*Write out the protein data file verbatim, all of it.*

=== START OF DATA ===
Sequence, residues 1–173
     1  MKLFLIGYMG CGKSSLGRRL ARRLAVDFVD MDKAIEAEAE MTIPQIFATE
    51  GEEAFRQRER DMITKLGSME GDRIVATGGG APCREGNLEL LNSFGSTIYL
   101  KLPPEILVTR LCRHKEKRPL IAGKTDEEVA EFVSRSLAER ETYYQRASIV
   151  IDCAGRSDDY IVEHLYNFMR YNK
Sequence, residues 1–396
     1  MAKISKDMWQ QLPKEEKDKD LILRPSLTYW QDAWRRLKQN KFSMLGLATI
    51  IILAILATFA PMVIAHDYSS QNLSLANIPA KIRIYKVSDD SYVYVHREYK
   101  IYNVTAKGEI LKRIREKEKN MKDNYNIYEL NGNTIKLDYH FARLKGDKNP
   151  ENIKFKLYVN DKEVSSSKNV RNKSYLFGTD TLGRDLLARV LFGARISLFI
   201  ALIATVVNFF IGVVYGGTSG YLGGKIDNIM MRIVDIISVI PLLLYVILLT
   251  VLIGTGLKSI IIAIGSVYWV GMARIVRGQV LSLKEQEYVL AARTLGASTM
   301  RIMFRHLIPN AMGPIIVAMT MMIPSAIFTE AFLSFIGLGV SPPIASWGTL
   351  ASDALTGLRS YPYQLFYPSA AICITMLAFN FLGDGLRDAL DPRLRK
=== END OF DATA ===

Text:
Sequence, residues 1–173
     1  MKLFLIGYMG CGKSSLGRRL ARRLAVDFVD MDKAIEAEAE MTIPQIFATE
    51  GEEAFRQRER DMITKLGSME GDRIVATGGG APCREGNLEL LNSFGSTIYL
   101  KLPPEILVTR LCRHKEKRPL IAGKTDEEVA EFVSRSLAER ETYYQRASIV
   151  IDCAGRSDDY IVEHLYNFMR YNK
Sequence, residues 1–396
     1  MAKISKDMWQ QLPKEEKDKD LILRPSLTYW QDAWRRLKQN KFSMLGLATI
    51  IILAILATFA PMVIAHDYSS QNLSLANIPA KIRIYKVSDD SYVYVHREYK
   101  IYNVTAKGEI LKRIREKEKN MKDNYNIYEL NGNTIKLDYH FARLKGDKNP
   151  ENIKFKLYVN DKEVSSSKNV RNKSYLFGTD TLGRDLLARV LFGARISLFI
   201  ALIATVVNFF IGVVYGGTSG YLGGKIDNIM MRIVDIISVI PLLLYVILLT
   251  VLIGTGLKSI IIAIGSVYWV GMARIVRGQV LSLKEQEYVL AARTLGASTM
   301  RIMFRHLIPN AMGPIIVAMT MMIPSAIFTE AFLSFIGLGV SPPIASWGTL
   351  ASDALTGLRS YPYQLFYPSA AICITMLAFN FLGDGLRDAL DPRLRK